What you need to know:
- Mwanasha Gaserego encountered cases of widows under threat of disinheritance by relatives and moneyed individuals at the peak of Covid-19.
- Their experiences prompted her to commit to saving them from their tribulations, a zeal that birthed Tuwajali Wajane Kwale.
- Her organisation is among those that pushed for the launch of the Thamini, an interest-free loan facility meant for widows only.
At the peak of Covid-19 pandemic in Kenya in mid-2020, Mwanasha Gaserego encountered several cases of widows under threat of disinheritance by relatives and moneyed individuals.
“Relatives were throwing widows out with their children during the curfew yet they had the right to their home.”
“There were cases where wealthy people wanted to disinherit the widows,” she says.
Their experiences disturbed her, prompting her to commit to saving them from their tribulations, a zeal that birthed Tuwajali Wajane Kwale (Let's take care of widows in Kwale) in June 2020.
She has since benefitted 800 widows in Msambweni Sub-county, where she is married.
Ms Gaserego says though not a widow, she would relate with the distress of the widows having been raised by a widower.
Her mother died when she had turned 16 and her father single-handedly raised his seven children
“I saw him struggle with grief while trying to balance between being a dad and mum at the same time,” says Ms Gaserego who was born and brought up in Lunga, Kwale County.
“Now imagine a widow who can’t defend herself. She is beaten by her in-laws and her matrimonial property is taken away. Their mental health is severely damaged,” she says.
These violations are widespread. A report by Federation of Women Lawyers-Kenya on gender-based violence (GBV) cases filed between April 15 and May 5, 2020 did indicate a prevalence of widow eviction and physical violence by in-laws in Western Kenya.
It showed widow eviction cases totalled 10 out of the 289 GBV cases reported during the three-week period.
Ms Gaserego says she first offers the widows psycho-social support to relieve them of their mental suffering before she educates them on their rights to matrimonial property.
“Many of them are psychologically disturbed by months of abuse. You reach them at a time they have given up. They are tired of the constant violence. They want to leave but they don’t know where to go,” she says.
She says her organisation is one among the many fighting for the rights of widows that pushed for the launch of the Thamini, an interest-free loan facility under Women Enterprise Fund (WEF), meant for widows only.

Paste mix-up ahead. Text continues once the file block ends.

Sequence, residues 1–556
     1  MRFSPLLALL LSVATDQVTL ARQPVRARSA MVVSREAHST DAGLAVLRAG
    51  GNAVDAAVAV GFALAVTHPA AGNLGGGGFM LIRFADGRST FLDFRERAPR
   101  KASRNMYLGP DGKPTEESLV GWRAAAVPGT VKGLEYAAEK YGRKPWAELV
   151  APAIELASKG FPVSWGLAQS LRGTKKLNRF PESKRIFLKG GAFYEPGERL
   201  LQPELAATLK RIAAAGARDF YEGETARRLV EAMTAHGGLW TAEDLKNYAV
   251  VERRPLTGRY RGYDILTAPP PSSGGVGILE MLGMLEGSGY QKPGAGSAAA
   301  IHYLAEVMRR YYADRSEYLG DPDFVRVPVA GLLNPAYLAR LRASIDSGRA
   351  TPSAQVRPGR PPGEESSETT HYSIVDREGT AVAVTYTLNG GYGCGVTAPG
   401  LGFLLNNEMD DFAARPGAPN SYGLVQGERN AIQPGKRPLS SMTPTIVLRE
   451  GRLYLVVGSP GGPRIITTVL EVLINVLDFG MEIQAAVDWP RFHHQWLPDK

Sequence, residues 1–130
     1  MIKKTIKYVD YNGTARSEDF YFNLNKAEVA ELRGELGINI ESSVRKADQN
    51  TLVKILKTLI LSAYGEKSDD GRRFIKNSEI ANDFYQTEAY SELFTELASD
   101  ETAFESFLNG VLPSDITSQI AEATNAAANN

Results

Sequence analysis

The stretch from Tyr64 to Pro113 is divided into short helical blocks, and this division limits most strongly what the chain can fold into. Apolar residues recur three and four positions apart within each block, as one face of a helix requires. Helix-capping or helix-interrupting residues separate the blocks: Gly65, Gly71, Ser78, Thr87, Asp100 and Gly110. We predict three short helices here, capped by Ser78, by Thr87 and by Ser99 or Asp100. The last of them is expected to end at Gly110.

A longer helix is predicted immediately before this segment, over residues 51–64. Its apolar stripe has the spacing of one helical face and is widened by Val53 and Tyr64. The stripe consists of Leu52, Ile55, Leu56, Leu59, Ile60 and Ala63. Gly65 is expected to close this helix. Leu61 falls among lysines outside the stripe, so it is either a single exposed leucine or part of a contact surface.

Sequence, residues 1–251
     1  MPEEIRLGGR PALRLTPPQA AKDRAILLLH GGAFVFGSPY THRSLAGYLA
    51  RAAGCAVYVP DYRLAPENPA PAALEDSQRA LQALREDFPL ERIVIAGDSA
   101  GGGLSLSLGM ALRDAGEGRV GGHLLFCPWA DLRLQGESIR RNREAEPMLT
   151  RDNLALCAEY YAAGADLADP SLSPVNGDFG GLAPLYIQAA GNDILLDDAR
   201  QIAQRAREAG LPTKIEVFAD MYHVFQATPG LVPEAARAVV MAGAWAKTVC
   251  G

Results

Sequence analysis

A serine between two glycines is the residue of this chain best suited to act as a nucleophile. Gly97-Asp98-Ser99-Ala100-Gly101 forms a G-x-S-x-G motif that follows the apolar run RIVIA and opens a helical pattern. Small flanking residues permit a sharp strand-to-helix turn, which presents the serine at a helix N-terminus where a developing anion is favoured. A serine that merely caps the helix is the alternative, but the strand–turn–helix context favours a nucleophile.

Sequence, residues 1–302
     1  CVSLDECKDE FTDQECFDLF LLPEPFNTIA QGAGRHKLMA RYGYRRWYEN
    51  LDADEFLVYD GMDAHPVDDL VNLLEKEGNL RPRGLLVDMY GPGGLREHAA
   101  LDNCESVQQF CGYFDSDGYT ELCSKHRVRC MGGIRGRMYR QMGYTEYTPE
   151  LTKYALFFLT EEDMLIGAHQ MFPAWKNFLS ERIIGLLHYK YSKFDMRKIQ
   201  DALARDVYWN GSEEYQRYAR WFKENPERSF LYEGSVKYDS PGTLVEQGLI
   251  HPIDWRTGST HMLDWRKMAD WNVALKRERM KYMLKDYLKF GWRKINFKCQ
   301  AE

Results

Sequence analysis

WEF launched the product in July last year. It is, however, accessible to widows in a group of at least 10 members, 70 per cent of whom must be widows. The group must also be operating three months prior to the loan application.
She says she has seen the widows she has empowered speak up against the violations, a development she says motivates her to continue fighting for their rights.
Her public awareness on the rights of widows has also borne fruit.
She says, the local communities now consider them for leadership roles in social functions.
“They are giving them leadership roles in weddings, something that never happened before,” she says.
Their advocacy with the County Commissioner has also seen them included in the vulnerable group category in the distribution of relief food.
“We are happy that now whenever the County Commissioner distributes relief food, he considers widows as a priority group,” she says.
Currently, she explains, they are advocating for the inclusion of widows in the bursary committees established by the office of the County Woman Representatives.
“How can you talk about the education of an orphan yet you don't live with one?” she asks.
She, however, says lack of resources is a major challenge that constrains her social work. She urges government and development partners to fund human rights defenders’ work.
“Capacity building of women human rights defenders is also key. I’m happy to be in the 2022 cohort of women human rights defenders admitted into the Human Rights Academy by Defenders Coalition. It’s a great opportunity for me to build skills relevant to my work,” she says.
For now, she is able to reach out to the widows courtesy of the financial support extended to her through Fazil Chinoy fellowship.
“This support is short-term yet much support is needed to address the widows’ plight,” she says.
She calls for laws protective of the widows’ right to their spouse’s pension.
“There is one case of a widow who is yet to receive her husband's pension 15 years since he died, yet she really needs that money to educate her children. Her husband was a police officer,”
“Cases like these require legislative intervention. We need a law that stipulates timelines for releasing pension to a widow or a widower.”
November 29 was International Women Human Rights Defenders Day and fell within the 16 Days of Activism against GBV.
In a statement to mark the campaign period, UN Women Executive Director Sima Bahous called for strengthening of protection mechanisms for women human rights defenders and women’s rights activists.
“No one anywhere ever should face violence or harassment for standing up for what is right and calling for what is necessary,” she said.
For Ms Gaserego, her appeal is to the communities to speak up against GBV among widows.
By speaking out we will be raising awareness about the rights of the widows and widowers and encourage them the report the abuse, she says.
“You can't defend a right that you don't know about. That’s why it’s very important that we first educate the widows and widowers on their rights. Widowers also suffer GBV,” she said.